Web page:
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K-Pop Boy Band's Label Apologises Over Atomic Bomb Shirt, Nazi Controversy

© AP Photo / Thibault CamusSouth Korean boy band BTS performs during the KCON 2016, at the Bercy Arena, in Paris, Thursday, June 2, 2016
South Korean boy band BTS performs during the KCON 2016, at the Bercy Arena, in Paris, Thursday, June 2, 2016 - Sputnik International
Japan's relations with neighboring South Korea, which was under Tokyo's colonial rule between 1910 and 1945, have been icy over conflicting interpretations of wartime history. A Korean boy band has recently come under fire for one member wearing a shirt with a mushroom cloud over Nagasaki; it was criticized before for Nazi-inspired hats and flags.

Big Hit Entertainment, the management company of the South Korean band the Bangtan Boys (BTS), has issued an apology after a BTS member was seen in controversial outfit sporting an atomic bomb.

In a lengthy Facebook statement in Korean, English and Japanese, Big Hit said that it "does not condone any activities of war or the use of atomic weapons". The label stressed that its artist's widely criticised outfit choice was "in no way intentional" and expressed "sincere apologies" to anyone affected.

Big Hit's statement also addressed reports that some members of the septet were wearing Nazi-style hats while posing for a photoshoot back in 2014. The company claimed that the headwear used during the photoshoot was provided by the publication conducting the shoot and insisted that it "does not support any organisations or groups oriented towards political extremism and totalitarian beliefs including Nazism".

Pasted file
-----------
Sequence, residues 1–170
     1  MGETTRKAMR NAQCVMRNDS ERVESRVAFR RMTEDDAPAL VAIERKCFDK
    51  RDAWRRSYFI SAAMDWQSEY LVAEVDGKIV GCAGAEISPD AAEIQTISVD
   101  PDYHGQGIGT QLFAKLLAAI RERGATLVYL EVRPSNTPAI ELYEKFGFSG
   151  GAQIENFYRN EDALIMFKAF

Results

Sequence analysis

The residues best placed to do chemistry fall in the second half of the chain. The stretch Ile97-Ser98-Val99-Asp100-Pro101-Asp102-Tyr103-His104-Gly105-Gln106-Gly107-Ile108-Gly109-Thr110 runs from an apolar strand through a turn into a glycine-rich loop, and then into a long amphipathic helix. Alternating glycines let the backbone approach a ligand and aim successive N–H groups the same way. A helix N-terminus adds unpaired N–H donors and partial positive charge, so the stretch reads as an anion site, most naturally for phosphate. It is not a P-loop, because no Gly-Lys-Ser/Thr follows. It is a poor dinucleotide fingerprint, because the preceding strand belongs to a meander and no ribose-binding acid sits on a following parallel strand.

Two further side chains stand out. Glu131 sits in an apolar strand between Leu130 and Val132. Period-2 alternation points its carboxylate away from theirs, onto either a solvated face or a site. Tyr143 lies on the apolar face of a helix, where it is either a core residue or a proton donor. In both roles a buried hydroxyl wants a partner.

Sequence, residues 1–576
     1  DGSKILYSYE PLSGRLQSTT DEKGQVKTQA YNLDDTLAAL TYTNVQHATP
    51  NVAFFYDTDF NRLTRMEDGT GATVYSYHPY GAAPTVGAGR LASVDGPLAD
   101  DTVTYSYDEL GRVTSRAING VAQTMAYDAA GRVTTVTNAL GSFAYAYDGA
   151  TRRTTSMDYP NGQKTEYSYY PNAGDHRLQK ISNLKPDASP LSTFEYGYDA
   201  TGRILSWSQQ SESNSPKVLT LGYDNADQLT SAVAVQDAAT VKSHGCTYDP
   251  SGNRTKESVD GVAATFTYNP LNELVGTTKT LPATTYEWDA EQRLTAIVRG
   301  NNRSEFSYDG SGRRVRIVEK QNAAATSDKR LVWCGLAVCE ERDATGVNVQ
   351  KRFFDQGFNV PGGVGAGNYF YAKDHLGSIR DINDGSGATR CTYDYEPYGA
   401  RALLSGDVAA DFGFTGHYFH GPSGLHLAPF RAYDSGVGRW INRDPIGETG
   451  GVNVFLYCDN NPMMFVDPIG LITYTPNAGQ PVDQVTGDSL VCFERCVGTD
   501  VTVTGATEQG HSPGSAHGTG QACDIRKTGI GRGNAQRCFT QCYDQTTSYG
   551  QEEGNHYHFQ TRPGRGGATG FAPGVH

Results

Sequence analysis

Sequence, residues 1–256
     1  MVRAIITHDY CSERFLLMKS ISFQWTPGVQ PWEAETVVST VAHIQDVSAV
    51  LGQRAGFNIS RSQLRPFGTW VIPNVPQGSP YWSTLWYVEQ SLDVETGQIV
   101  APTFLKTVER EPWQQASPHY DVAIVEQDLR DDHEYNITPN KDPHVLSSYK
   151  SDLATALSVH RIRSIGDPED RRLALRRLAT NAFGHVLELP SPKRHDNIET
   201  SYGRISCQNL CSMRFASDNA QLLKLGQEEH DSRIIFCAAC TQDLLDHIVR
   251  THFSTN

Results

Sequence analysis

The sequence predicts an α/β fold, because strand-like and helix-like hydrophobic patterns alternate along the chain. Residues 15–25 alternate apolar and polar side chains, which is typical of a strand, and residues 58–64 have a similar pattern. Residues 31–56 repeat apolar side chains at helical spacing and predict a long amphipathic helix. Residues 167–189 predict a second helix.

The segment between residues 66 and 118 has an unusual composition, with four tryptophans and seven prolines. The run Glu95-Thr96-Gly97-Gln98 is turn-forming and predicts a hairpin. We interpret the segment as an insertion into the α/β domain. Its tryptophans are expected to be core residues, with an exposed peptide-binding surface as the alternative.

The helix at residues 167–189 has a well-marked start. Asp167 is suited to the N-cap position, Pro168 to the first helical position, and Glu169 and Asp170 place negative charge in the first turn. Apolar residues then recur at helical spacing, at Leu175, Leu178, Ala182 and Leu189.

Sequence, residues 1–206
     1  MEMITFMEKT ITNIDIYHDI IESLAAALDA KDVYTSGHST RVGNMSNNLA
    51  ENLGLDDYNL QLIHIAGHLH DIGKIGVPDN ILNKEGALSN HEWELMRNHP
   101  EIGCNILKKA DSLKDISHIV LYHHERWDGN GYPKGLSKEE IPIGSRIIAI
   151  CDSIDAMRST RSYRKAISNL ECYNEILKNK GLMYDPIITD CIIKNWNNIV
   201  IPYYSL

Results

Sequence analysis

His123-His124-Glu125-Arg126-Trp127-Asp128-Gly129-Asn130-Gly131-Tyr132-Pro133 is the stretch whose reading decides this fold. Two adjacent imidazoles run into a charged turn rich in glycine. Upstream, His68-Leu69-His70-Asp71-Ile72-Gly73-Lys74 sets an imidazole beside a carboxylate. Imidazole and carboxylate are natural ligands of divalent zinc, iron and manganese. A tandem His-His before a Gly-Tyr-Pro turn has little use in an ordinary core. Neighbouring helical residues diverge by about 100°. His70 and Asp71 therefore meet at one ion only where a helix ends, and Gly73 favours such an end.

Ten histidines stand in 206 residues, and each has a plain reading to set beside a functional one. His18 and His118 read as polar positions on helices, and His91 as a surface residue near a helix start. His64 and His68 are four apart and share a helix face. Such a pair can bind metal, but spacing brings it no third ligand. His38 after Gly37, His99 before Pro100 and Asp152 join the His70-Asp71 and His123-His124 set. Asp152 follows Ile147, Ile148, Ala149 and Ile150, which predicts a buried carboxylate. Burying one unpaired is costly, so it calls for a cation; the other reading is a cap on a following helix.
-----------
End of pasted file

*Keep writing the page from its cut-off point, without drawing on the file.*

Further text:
READ MORE: Israeli Media Concerned About Upsurge of Nazi Graffiti in Bulgaria's Capital

As controversy over one of the world's most popular boy bands heated up, images resurfaced of BTS members waving flags that critics said were inspired by the Nazis. Big Hit argued that the images were "in no way" associated with Nazism and were in fact criticising authoritarian educational systems.

K-Pop boy band BTS addresses UNGA - Sputnik International
Historic Moment: WATCH K-Pop Boy Band BTS Address UN

Last week, the Japanese network TV Asahi cancelled a live performance by the band after BTS member Jimin was seen in a photo wearing a T-shirt commemorating the liberation of the Korean Peninsula from Japan; it featured a picture of the atomic bomb exploding over Nagasaki.

Jimin reportedly wore the inflammatory garment on August 15 last year to commemorate Korea's Liberation Day; Japan announced its surrender to the allied forces on August 15, 1945, just six days after the Nagasaki detonation compelled Tokyo to capitulate.

The viral photo drew condemnation from campaigners: the Los Angeles-based Simon Wiesenthal Center, a Jewish human rights organisation, denounced the band, saying that BTS "owes the people of Japan and the victims of the Nazism an apology."

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